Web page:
Catches of the Month: Phishing Scams for January 2023

Welcome to our January 2023 review of phishing attacks, in which we explore the latest email scams and the tactics that cyber criminals use to trick people into handing over personal data.

This month, we delve into a scam that attempts to trick cyber security professionals and look at a new banking trojan that has experts worried.

Criminal hackers target infosec professionals in Flipper Zero scam

A new phishing campaign has been discovered that imitates Flipper Zero, a cyber security tool used by penetration testers and white-hat hackers.

The tool, which allows researchers to tinker with a range of hardware by supporting techniques including digital access key cloning, radio communication, NFC and Bluetooth, was created in 2020.

Flipper Zero has been widely popular despite production issues that have caused supply shortages and revenue holdbacks that put the project at risk. As is so often the case, cyber criminals are using people’s eagerness to get their hands on the product to leverage their scams.

In this case, they have created phishing campaigns promoting a fake shop that pretends to sell Flipper Zero.

The scam was discovered by security analyst Dominic Alvieri, who spotted three fake Twitter accounts and two fake Flipper Zero stores.

The bogus accounts artfully recreate the genuine Flipper Zero Twitter accounts, with the only significant difference being that they use a capital ‘i’ in their handle and website rather than a lowercase ‘l’.

The fake Twitter account (left) and the real one (right). Source: BleepingComputer.

Alvieri noted that the bogus accounts were responding to tweets, and specifically to people who queried about the availability of Flipper Zero.

In the above screenshot, the email address listed in the account directs users to a bogus shop, which pretends to sell Flipper Zero at its genuine market price of $199 (about £165). Users can supposedly purchase the item, as they are asked to enter their email addresses, full names and shipping address.

Source: BleepingComputer

The victims are then asked to pay via cryptocurrency and are told that their order will be processed within 15 minutes.

BleepingComputer observes that the “listed wallet addresses have not received any payments, so either the particular shop hasn’t managed to trick any security researchers or used new wallets after each transaction”.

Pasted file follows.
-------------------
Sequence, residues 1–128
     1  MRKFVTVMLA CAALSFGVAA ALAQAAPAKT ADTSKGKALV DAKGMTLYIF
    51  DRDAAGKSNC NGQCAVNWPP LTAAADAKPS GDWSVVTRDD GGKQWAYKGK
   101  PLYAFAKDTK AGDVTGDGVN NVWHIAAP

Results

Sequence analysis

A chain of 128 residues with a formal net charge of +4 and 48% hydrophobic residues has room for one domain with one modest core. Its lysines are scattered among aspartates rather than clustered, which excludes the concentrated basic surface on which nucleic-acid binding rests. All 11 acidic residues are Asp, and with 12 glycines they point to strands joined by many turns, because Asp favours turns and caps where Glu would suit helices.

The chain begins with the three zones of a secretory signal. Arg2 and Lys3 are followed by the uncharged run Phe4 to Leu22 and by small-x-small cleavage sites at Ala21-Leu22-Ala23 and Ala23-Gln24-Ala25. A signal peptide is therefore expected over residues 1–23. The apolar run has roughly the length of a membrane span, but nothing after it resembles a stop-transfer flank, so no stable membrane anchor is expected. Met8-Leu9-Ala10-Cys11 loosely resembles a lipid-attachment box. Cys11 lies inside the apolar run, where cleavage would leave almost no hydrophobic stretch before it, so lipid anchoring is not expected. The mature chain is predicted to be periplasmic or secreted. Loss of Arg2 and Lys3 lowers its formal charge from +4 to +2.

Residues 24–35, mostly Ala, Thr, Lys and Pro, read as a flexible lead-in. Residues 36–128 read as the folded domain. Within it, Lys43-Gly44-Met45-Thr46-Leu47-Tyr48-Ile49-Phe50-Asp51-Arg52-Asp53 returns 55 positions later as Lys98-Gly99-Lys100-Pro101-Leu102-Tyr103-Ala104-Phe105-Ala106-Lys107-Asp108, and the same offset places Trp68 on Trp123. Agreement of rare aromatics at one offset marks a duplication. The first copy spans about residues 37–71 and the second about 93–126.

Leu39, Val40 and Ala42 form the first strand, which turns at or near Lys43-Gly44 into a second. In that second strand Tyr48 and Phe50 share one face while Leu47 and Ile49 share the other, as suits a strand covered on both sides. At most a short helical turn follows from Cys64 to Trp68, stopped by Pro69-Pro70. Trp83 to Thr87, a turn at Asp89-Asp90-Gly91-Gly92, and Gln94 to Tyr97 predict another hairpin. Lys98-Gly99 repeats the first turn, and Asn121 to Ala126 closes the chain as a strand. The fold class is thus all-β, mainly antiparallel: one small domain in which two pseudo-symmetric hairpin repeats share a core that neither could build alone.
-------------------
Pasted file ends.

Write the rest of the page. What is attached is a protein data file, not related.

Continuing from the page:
The scams’ success should decrease now that it has been widely reported on, but potential Flipper Zero customers should remain cautious about any online interactions with the company unless they’re visiting the official store.

Malware campaign uses stolen bank data for phishing

Cyber criminals have been using stolen information from bank customers as lures in scams designed to infect people with malware.

According to research from the Cloud security firm Qualys, the infrastructure of an unnamed Colombian cooperative bank had been hijacked by criminal hackers, with 418,777 records being exposed.

The information included customers’ names, phone numbers, email addresses, postal addresses, ID numbers, payment records and salary information.

Qualys had been investigating a phishing campaign in which victims were infected with BitRAT malware when they traced the damage to the leak. The malicious file is a type of banking trojan that’s hidden within a macro of an Excel document.

The tool can be used to perform a range of operations, including data exfiltration, DDoS (distributed denial-of-service) attacks, clipboard monitoring and credential theft.

In this case, the researchers discovered that the criminal hackers had used the malware to access customer data.

“[T]he lures themselves contain sensitive data from the bank to make them appear legitimate. This means that the attacker has gotten access to customers’ data,” Qualys said.

“While digging deeper into the infrastructure we identified logs that point to the usage of the tool sqlmap to find potential SQLi faults, along with actual database dumps.”

Can you spot a scam?

All organisations are vulnerable to phishing, no matter their size or sector, so it’s essential to understand how you might be targeted and what you can do to prevent a breach.

You can help educate your staff with IT Governance’s Phishing Staff Awareness Training Programme.

This 45-minute course uses real-world examples like the ones we’ve discussed here to explain how phishing attacks work, the tactics that cyber criminals use and how you can detect malicious emails.